It’s a little more complicated here than in the Matthew passage. Ostensibly, it seems that Jesus is indicating that Noah and Lot were rescued from the place of judgment, and those left behind are the ones who are judged.

But there is a crucial distinction, as Merkle observes, between the Noah/Lot story and the two men/two women illustration in the Luke passage. In both Matthew and Luke, Jesus uses the language of God actively taking one of the two men/women away.

But Noah and Lot aren’t taken away; they flee. This corresponds with verse 31, right at the center of the passage, where Jesus says “let the one who is on the housetop, with his goods in the house, not come down to take them away, and likewise let the one who is in the field not turn back.”

Why? Because just like in the days of Noah and Lot, judgment is coming, and you should flee. And it’s going to be sudden, too: for two people will be going about their daily business (indicating the absolute unexpected nature of this judgment, like “a thief in the night”) and one will be abruptly taken. The disciple’s question “Where, Lord?” could refer to where the judgment will occur, but it seems more likely that it means, “to where will they be taken?” If that’s the case, Jesus’ answer certainly doesn’t indicate a rapture “to a better place” or anything, but instead gruesome judgment.

I’m not sure what the implications for our theology of the Rapture are. I’m not sure what I think about most of that. But certainly, a couple things are pretty transparent:

(1) We ought to be careful how we read the Bible. I’ve always assumed the people left behind were left for judgment, and a careless reading might have encouraged that interpretation. We should actively question our assumptions, weighing them carefully with the text to see if they’re legitimate. I’m convinced the reference to Noah and the Flood here makes the typical Rapture interpretation unlikely.

(2) In verse 36 of the Matthew passage, Jesus says: “But concerning the day and our no one knows, not even the angels of heaven, nor the Son, but the Father only.” Now, there’s some debate as to whether “nor the Son” should be included because it’s omitted in a few manuscripts, but I think the point is the same: the Father has appointed a time for the Son’s return and date we pinpoint is either speculation or overt false teaching (I think Harold Camping, considering his teaching that the Church should disband on account of apostasy, probably fits into the latter category).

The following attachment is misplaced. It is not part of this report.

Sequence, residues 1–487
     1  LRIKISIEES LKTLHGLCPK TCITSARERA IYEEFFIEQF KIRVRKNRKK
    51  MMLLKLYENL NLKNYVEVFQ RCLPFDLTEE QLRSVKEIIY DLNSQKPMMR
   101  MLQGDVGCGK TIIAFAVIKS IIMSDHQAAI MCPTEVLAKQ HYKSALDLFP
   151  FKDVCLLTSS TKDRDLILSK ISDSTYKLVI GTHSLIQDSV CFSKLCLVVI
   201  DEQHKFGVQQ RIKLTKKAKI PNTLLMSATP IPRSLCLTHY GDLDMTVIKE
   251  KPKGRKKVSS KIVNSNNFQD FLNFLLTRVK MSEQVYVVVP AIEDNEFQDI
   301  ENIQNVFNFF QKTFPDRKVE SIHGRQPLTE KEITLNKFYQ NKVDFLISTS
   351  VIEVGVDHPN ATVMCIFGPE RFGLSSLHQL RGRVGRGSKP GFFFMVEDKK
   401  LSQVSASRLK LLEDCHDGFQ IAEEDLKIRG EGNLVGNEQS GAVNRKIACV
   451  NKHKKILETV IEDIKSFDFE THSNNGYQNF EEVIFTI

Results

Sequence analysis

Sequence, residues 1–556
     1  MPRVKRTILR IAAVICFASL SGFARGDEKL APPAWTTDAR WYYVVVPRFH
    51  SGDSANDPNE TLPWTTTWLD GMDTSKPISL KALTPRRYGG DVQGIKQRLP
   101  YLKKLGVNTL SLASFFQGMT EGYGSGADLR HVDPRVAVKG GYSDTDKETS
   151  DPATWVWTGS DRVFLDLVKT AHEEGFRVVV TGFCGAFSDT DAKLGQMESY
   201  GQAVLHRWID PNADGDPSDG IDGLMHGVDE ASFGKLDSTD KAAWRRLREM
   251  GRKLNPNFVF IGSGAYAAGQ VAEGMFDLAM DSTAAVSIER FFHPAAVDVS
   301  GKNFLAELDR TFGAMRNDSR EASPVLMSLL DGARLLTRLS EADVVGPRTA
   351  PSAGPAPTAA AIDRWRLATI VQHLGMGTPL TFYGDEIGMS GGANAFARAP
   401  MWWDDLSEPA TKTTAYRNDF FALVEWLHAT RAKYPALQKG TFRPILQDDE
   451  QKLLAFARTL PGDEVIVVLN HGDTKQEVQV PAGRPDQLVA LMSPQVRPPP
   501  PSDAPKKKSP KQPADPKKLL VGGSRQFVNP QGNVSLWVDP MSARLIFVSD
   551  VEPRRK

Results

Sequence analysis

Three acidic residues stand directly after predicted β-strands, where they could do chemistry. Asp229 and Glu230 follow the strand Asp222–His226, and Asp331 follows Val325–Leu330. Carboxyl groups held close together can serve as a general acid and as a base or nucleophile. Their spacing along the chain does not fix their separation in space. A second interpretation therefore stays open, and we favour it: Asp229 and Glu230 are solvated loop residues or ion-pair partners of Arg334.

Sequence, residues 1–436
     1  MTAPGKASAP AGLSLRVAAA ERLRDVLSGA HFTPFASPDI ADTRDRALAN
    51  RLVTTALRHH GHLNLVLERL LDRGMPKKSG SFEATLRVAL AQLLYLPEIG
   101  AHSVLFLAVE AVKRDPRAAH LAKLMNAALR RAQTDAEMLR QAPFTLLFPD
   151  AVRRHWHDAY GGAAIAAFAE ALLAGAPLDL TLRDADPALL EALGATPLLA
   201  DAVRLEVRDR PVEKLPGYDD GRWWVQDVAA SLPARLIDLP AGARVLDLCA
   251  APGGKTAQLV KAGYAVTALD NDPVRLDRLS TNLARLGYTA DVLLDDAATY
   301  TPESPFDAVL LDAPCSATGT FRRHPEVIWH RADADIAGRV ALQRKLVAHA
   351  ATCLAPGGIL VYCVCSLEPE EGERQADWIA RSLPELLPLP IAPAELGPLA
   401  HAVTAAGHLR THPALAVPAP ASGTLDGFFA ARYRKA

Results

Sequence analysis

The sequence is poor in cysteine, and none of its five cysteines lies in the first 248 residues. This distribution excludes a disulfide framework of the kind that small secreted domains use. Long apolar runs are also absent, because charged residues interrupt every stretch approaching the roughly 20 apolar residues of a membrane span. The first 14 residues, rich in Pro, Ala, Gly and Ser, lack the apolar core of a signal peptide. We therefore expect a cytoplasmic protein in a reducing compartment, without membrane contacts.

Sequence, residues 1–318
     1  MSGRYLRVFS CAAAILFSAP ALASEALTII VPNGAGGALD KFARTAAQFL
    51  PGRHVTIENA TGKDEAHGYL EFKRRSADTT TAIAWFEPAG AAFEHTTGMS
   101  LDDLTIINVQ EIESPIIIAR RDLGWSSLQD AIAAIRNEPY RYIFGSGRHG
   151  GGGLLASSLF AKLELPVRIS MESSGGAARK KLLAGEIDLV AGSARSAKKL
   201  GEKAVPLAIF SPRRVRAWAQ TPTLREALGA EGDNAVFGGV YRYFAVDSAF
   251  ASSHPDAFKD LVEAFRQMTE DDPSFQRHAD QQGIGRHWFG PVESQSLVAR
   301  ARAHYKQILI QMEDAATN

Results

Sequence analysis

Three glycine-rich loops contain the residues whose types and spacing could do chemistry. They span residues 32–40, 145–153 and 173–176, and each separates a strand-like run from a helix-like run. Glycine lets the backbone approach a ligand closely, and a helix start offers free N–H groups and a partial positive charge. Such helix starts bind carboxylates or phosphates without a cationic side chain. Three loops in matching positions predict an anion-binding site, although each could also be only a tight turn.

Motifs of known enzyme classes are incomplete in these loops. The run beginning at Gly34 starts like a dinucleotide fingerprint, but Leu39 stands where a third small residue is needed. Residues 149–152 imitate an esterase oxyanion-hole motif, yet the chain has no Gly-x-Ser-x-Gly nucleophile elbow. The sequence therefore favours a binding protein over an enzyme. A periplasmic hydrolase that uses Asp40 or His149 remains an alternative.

(3) What we believe about the Last Days matters. I’ve observed that (either because it’s too complicated or so many teach wrongly about it) eschatology has taken the back seat in evangelical theological thinking. In a sense, this is a good thing: it’s not as critical as our belief about Jesus and the Gospel, nor as central as our conviction that we are saved by grace alone through faith alone through the propitiatory and atoning sacrifice of Christ alone and His righteousness imputed to us through union in Him.

But the promise of Jesus’ return is not a peripheral issue. Matthew devoted two chapters of his Gospel to Jesus’ teaching on the Last Days, Paul and Peter both wrote at length about Christ’s imminent return, and then of course we have the whole book of Revelation.

Eschatology matters, and instead of avoiding all discussion because there are so many interpretations, we should discuss the specifics Christ’s return with brothers and sisters, studying the Scripture deeply, rooting our conversation in the text itself and constantly evaluating our opinions and suppositions against the Word.

Even more, we should “encourage one another with these words” (I Thess. 4:18) about Christ’s promised return and resurrection of our bodies, all the while looking heavenward and praying “Even so come, Lord Jesus.”

*Except it can’t be a direct parallel, since in Matthew Jesus is teaching his disciples on the Mount of Olives on Tuesday of Passion Week, while in Luke Jesus is speaking with the Pharisees then his disciples probably somewhere between Samaria and Galilee on his way to Jerusalem (cf. Luke 17:11) at least several days before the Triumphal Entry. There are probably different ways to explain this apparent discrepancy, but it’s clear that these are two seperate events and Jesus probably just uses the same illustration a couple different times.


What’s Beneath the Temple Mount?